Baalmann deposes that he saw the potatoes in the lighters; they were in a bad condition and diseased, he having made examination by cutting them with a knife, and found they were not in good shipping order, and he knows that potatoes of that year's growth, shipped in bulk to England, arrived there in a worthless state, and had to be thrown overboard.
Wulff, the stevedore, says that when he stowed the potatoes he examined them, by breaking and cutting; they appeared to be unsound and diseased.
The master of The Howard deposes that the ship Miles took a cargo of the potatoes purchased by Rawalle for Wissman, and what The Miles did not take were taken by The Howard; that, he the master, purchased some of the potatoes that were going to The Miles, for use on The Howard, which proved to be diseased and unfit for use on being cooked.
The mate declares that the potatoes looked well outside, but when cut open they had sickness in them; that the potatoes loaded on both vessels came from the same man.
Arianson, master of the bark Miles, deposes, that more potatoes were sent to The Miles, when loading at Hamburg, than he could take on board, and that the balance were sent to The Howard; that the potatoes that he brought rotted. He discovered it five or six weeks after going to sea, by the smell, which was two or three weeks before arriving at New York.
The owner having been committed to the prima facie facts of soundness and good condition by his contract of affreightment, it was properly imposed on him by the district court to establish the contrary by due proof; and our opinion is that the proof produced by him does overcome the prima facie presumption, and shows the potatoes of the libellant to have been unsound and unfit for shipment, and especially unfit to be shipped in bulk and wet, as was done by the libellant's agent.
Rawalle was examined for the libellant several times. He deposes that the potatoes were put on board in good order, that they were dry and sound, and in his opinion, if The Howard had sailed in due time, according to her advertisement, they would have arrived at New York in a sound condition.
As a dealer in this article, the witness had very small experience
compared with various others examined, none of whom express the belief that this cargo, stowed in bulk, could have reached the port of destination uninjured. But what appears to us far more satisfactory than the speculations of witnesses is that the cargo of The Miles was lost by decay, she being loaded at the same time and in the same manner as was The Howard, and with part of the potatoes taken from the same lighters -- although The Miles made her voyage in due time.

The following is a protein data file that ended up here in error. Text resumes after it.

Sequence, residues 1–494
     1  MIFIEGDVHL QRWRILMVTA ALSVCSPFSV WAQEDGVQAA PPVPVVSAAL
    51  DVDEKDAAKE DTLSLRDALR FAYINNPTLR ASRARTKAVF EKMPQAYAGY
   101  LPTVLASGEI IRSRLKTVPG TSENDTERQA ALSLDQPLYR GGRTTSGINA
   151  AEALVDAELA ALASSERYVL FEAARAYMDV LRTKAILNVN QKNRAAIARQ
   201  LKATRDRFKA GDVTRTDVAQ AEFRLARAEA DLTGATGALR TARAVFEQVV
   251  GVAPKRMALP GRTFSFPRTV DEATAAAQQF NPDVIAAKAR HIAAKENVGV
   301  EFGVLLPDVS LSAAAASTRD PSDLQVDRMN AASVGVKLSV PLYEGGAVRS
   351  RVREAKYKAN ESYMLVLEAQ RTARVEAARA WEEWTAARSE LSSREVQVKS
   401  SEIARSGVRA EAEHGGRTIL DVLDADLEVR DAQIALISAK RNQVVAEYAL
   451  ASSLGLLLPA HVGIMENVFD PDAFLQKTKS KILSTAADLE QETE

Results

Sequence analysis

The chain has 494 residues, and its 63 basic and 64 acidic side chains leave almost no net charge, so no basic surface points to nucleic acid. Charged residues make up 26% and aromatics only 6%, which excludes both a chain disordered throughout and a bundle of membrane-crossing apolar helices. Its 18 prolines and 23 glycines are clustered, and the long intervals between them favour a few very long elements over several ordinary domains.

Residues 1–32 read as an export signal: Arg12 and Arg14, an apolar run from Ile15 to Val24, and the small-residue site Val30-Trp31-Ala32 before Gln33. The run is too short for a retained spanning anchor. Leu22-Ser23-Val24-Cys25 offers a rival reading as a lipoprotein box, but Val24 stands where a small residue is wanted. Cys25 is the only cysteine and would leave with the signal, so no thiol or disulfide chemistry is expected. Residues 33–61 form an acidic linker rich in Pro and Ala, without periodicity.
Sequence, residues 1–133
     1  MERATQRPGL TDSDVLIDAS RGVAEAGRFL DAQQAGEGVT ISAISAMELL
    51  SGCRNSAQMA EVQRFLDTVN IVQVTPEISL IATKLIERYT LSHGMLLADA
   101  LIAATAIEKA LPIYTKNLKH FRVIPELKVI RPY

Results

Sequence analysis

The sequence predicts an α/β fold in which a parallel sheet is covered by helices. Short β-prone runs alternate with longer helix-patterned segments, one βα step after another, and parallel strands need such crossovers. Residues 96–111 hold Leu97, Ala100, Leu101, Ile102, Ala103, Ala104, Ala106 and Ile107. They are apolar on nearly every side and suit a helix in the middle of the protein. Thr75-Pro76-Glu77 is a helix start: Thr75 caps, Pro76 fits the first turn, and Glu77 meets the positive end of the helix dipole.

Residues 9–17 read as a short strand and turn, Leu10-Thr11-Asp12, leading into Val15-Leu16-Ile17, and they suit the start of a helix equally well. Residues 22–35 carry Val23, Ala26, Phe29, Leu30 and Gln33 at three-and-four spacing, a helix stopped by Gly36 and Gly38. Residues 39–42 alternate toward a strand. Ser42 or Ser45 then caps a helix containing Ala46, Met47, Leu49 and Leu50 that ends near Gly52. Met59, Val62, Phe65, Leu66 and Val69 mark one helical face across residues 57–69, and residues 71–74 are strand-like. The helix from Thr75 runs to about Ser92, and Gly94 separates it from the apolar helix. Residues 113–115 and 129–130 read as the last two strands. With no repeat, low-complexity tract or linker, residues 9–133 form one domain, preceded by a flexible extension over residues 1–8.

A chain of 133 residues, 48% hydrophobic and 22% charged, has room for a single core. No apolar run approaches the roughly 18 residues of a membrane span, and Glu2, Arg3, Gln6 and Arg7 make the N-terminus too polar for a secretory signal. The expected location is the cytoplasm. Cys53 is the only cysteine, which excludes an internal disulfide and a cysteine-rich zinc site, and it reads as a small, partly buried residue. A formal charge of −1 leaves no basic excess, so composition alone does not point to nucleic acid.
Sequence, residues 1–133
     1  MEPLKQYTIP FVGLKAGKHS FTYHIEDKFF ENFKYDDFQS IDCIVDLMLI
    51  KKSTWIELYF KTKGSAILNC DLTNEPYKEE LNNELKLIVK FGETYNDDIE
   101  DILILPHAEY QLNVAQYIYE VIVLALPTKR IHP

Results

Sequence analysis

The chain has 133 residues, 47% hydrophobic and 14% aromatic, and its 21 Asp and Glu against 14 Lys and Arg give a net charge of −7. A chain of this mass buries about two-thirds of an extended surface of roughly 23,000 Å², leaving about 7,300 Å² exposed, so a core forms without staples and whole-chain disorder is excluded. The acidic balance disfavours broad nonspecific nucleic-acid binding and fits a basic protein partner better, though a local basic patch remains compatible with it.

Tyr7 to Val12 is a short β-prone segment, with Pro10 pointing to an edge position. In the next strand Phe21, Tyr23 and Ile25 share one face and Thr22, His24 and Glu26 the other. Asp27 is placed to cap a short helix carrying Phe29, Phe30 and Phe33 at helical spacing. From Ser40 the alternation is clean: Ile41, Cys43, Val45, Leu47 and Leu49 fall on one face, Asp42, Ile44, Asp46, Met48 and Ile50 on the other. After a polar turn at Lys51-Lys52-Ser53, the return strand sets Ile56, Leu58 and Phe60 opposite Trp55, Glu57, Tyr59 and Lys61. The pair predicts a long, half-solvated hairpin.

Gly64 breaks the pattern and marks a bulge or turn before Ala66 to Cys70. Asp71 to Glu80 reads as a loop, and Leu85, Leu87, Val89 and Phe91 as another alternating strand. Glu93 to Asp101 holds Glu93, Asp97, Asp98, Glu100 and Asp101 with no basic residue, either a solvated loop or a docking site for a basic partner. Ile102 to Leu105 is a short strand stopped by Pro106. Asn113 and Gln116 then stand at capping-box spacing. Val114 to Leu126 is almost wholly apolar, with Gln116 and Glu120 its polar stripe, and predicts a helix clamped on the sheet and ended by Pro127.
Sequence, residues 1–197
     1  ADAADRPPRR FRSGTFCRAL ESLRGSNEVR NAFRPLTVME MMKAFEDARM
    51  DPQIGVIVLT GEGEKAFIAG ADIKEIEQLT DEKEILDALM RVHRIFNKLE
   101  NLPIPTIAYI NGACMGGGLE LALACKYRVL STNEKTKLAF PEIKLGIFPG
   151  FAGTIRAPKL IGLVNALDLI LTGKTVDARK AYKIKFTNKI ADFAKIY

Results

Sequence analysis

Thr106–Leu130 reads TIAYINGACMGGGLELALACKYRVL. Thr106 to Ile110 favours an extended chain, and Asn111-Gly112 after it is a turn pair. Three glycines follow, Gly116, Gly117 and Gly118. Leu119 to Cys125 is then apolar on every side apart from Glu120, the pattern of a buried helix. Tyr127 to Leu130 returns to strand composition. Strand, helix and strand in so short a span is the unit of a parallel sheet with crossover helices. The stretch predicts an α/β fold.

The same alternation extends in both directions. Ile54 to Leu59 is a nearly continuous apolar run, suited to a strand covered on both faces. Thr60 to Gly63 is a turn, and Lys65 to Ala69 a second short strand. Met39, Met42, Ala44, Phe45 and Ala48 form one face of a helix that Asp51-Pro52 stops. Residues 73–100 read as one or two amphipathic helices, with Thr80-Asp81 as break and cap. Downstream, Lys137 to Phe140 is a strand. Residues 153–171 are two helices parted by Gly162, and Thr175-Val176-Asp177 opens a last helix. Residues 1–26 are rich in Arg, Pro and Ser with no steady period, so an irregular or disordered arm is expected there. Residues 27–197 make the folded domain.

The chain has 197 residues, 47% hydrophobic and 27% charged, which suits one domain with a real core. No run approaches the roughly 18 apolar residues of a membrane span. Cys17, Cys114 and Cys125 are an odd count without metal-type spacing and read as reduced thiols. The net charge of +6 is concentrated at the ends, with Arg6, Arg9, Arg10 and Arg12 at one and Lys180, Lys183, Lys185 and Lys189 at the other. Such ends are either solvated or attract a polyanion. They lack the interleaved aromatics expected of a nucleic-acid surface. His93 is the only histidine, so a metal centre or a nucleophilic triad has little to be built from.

Our conclusion is that the libellant's case has no merits. It is therefore ordered that the decree of the circuit court be
Reversed and the cause remanded to that court with directions to dismiss the libel with costs.
MR. JUSTICE DANIEL.
In the opinion just pronounced, so far as it goes to demonstrate the entire want of justice in the demand of the libellant, I entirely concur, the testimony in this case having satisfactorily ascertained that the loss of the cargo was inevitable from the character of the subject of which that cargo consisted, and that by no degree of diligence or care could it have been transported in good condition to its point of destination. But independently of these considerations, and in advance of them, there is another which of itself, in my judgment, should have prevented the claim of the libellant from being established or entertained at all in the district and circuit courts, and which should operate with equal effect in preventing its being entertained here.
This case is one of contract between the owner of property and the master of a vessel to transport a cargo of potatoes from Hamburg and to deliver them in New York. It is nothing more than a contract between the owner of property and a carrier to convey a given subject for hire. It was a contract made upon land to be terminated and executed upon the land for a stipulated compensation, and not strictly or properly a maritime contract in any sense beyond any other contract in the performance of which a party or agent would be compellable to cross the ocean or even to pass a river. It did not begin and terminate on the sea. Upon this contract an action might have been instituted in a court of law either upon the charter party or the bill of lading, in conformity with ancient and well settled practice, and could have been as speedily and efficiently decided in such a court as it could be in the present form of proceeding, less familiar to the common understanding and habits of the country, dubious and undefined in its claims to power, and attended with expenses beyond those incident to the usual tribunals of the land.
My opinion is that for want of jurisdiction in the case presented upon the face of the libel, that libel should have been dismissed by the circuit court, and that this Court should now, for that cause, order it to be dismissed.